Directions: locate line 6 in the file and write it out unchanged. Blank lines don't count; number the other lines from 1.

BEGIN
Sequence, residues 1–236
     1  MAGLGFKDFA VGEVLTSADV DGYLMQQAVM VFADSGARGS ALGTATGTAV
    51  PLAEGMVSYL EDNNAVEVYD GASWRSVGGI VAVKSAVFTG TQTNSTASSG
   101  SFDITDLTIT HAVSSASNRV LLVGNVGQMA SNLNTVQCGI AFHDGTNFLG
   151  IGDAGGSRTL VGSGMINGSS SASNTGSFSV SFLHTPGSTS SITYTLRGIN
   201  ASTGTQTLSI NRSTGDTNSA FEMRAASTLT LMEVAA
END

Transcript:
   201  ASTGTQTLSI NRSTGDTNSA FEMRAASTLT LMEVAA